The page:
Growing up I always had really intense period cramps and sometimes I would get cramps even when I wasn’t on my period. I was in an out of the hospital for about 4 years until I had a surgery to a growth on my ovaries. When they went in for exploratory surgery they also ended up having to remove the lateral part of my intestine that had been pinched off by endometrial tissue. Once I finally found the culprit of my intense stomach pain I decided to write a blog post about it. The EFA saw it and invited me to the Blossom Ball charity event. When I went I was so inspired by all of the women who were part of the presentation, I knew I had to be part of it and asked what I could do and that’s when I was offered the position and of course took it.
How has your experience with endometriosis changed your life?
I focus on my mental and physical health a lot. Endometriosis attacks are very frustrating and mentally drain me so I work really hard to keep my mental health healthy. Attacks are also very draining physically so I do my best to avoid them. I do that by working out consistently and avoiding inflammatory foods such as gluten and dairy.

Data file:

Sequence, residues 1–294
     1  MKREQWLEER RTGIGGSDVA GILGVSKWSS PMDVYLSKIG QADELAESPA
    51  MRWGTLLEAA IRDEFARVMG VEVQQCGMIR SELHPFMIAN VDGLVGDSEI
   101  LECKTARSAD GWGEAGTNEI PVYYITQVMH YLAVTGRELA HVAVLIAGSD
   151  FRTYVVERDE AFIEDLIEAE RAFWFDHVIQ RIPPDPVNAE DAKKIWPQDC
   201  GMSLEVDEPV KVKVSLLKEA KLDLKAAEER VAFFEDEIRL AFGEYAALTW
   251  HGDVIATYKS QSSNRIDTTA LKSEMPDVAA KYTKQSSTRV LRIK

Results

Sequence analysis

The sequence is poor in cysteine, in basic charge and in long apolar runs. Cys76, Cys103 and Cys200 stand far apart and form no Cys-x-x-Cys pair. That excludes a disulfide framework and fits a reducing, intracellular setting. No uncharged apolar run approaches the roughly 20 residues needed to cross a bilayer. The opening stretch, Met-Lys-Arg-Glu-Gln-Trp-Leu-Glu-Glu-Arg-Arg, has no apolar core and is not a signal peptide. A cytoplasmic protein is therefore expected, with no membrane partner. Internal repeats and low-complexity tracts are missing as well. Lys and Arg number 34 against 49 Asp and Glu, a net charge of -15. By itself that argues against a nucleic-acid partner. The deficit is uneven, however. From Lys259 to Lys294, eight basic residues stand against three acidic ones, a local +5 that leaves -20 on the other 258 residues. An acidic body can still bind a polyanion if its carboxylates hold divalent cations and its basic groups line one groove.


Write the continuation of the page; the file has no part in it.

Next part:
What do you wish more people understood about endometriosis?
That pain management is essential. Doctors are afraid to write prescriptions for narcotics which makes sense because a lot of people abuse them but on the other hand there are a lot of people that actually need those medications and the stigma that if you go to the doctors and ask for it automatically makes you a drug seeker. I wish doctors without Endometriosis understood that the pain can’t always be controlled with natural remedies.
You’ve also recently started a YouTube series that gives raw dating advice to your viewers. What inspired you to launch that series?
My boyfriend Kris and I have been through a lot and when I would talk to close friends about the issues we were having they would be a little judgmental at first and then later on open up about how they had been experiencing the same thing but didn’t tell me because of embarrassment. I think there are a lot rules that society has put on couples and if your relationship doesn’t fit the narrative then it is “wrong”. I wanted to make a Youtube channel that counteracts that and helps couples feel less alone when they decide to work through all the stuff that isn’t butterflies and rainbows.
Do you think people today have a harder time building lasting relationships than they did in the past?